We must continually work to build future leaders and reinforce the principles that underpin our “Leader of Character” framework- living honorably, lifting others, and elevating performance- in the context of equal opportunity, diversity and inclusion, and respect for others. As an institution that develops officers to lead a diverse force, USAFA must instill these principles in those we teach and lead. These young men and women will ultimately shape the future culture of our military, and in turn influence the larger American society. As such, there is no place in our words and actions for discrimination or racial bias of any kind at USAFA, or in our Air and Space Forces.
Within the section titled “Diversity and Inclusion at USAFA [U.S. Air Force Academy],” under the heading “Additional Data Sources,” the review cites a 2020 Cooperative Institutional Research Program (CIRP) survey of cadets in the Class of 2024:
The survey collected information on student’s opinions on racial understanding, racial discrimination, preferential treatment (based on race/ethnicity), and other D&I (diversity & inclusion) related topics. Cursory analysis of the CL24 responses indicates:
- 16% of our incoming cadets find that helping to promote racial understanding is not important ( 17% of Caucasian cadets, 15% of Minority cadets). The remainder of the cadets responded that it was somewhat important (38%), very important (28%), or essential ( 18 %).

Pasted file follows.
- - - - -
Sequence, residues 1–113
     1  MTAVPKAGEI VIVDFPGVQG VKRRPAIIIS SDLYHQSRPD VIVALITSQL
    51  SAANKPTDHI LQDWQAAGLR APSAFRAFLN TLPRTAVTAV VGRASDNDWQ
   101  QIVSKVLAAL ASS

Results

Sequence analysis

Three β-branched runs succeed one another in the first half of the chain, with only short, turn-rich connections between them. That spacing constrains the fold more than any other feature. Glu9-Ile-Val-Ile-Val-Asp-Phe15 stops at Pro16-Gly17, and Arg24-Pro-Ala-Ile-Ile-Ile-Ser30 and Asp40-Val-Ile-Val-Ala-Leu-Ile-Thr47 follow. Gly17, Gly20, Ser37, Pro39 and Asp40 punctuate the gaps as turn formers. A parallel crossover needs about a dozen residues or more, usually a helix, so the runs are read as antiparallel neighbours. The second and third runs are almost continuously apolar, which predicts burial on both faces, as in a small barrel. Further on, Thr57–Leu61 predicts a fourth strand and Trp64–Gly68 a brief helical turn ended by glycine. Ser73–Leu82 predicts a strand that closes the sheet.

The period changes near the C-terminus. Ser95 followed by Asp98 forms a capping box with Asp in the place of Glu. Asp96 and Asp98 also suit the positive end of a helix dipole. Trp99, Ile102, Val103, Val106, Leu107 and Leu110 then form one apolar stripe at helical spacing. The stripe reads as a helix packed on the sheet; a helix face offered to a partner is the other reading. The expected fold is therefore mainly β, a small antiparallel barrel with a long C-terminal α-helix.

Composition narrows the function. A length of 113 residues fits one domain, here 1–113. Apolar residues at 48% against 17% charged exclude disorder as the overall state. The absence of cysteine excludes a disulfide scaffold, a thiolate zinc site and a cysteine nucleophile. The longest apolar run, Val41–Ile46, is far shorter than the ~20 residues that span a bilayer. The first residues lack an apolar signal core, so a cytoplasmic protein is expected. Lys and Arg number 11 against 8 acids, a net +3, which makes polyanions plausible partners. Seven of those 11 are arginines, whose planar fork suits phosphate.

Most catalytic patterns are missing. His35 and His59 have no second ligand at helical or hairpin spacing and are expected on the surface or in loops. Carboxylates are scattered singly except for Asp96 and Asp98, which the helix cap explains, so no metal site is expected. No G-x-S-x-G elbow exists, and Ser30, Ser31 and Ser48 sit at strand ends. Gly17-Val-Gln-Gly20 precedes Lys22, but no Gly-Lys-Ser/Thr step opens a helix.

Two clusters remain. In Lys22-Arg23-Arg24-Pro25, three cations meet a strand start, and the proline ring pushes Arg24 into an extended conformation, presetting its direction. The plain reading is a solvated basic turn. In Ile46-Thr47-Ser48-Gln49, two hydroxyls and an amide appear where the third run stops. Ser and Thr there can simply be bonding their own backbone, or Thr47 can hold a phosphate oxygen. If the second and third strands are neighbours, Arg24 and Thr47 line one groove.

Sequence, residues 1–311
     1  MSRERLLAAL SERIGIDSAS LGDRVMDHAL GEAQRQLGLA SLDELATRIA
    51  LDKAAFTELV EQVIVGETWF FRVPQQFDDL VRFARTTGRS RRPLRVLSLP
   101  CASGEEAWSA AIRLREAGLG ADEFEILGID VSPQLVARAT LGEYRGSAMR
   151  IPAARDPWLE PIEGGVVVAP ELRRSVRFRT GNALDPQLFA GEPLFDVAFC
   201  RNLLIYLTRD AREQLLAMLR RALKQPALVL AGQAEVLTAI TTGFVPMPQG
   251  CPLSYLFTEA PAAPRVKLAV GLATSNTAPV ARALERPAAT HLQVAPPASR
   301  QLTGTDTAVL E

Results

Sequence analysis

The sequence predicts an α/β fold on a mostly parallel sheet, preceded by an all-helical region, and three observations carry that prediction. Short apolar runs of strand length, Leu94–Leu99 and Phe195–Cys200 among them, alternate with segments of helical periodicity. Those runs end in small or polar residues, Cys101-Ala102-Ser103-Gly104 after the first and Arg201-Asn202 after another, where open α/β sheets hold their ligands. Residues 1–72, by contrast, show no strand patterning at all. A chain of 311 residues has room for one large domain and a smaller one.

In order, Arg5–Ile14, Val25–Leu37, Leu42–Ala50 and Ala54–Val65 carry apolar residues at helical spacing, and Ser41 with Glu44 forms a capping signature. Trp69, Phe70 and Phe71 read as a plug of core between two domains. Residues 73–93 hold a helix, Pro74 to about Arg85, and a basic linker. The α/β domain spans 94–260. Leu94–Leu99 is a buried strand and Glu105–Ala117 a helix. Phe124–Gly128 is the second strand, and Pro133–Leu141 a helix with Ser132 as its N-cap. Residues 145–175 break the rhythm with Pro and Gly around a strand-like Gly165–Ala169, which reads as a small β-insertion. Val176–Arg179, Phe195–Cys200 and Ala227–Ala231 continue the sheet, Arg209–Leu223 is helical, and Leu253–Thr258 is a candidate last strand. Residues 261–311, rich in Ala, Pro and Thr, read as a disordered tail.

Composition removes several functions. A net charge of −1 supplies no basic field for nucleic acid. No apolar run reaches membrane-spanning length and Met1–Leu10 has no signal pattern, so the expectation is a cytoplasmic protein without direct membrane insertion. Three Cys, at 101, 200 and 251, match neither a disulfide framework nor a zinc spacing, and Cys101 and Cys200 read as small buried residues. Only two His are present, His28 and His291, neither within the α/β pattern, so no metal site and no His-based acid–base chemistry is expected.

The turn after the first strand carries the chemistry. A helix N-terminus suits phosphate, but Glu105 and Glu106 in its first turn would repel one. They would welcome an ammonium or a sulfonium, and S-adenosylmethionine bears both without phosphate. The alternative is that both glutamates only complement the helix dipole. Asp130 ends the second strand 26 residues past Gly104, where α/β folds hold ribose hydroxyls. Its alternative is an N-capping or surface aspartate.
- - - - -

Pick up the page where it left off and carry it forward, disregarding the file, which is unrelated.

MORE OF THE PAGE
- 24% of our incoming cadets agreed that racial discrimination is no longer a major problem in America. The remainder of the cadets disagreed with that statement.
- 75% of our incoming cadets rated themselves as average or above average when comparing themselves to the average person their own age in terms of their understanding of others.
- One question asked whether the student agrees/disagrees whether individuals from disadvantaged social backgrounds should be given preferential treatment in college admissions. 65% of the Caucasian and 45% of the Minority cadets disagreed while 35% of the Caucasian and 55% of the Minority cadets agreed with that statement.
Later in that section, under the heading “Equal Opportunity (USAF/EO,” the Air Force Academy’s Equal Opportunity office recommends the Academy:
Consider implementing Behavioral Science 362, ‘Class, Race, Gender, and Sexuality’ as a core class or pulling the content into shorter transition-week training opportunities spread across a cadet’s USAFA career. The material is highly regarded by cadets and graduates, and the information could be implemented on a larger scale (to include training for basics and sessions for each year group) to help cadets mature into D&I professionals for the Air Force.
In the section titled “The Way Forward,” the review introduces a “Triple Threat Group,” which was established in June 2020 “after national conversations surrounding police brutality, release of news articles addressing racial disparities in the AF discipline system, and the height of racial tension.” The review continues: “Triple Threat’s ongoing efforts align theory and considerations on how USAFA could address racial tension and unrest using a 3-tiered, ‘triple threat’ approach of Acknowledgment, Action, and Advocacy. In clarifying the need to address this issue, as well as to demonstrate the importance of these efforts, Triple Threat solicited shared stories from current cadets and graduates from the past year that captured realities and perceptions that bring awareness to the ‘Black experience” at USAFA [U.S. Air Force Academy].”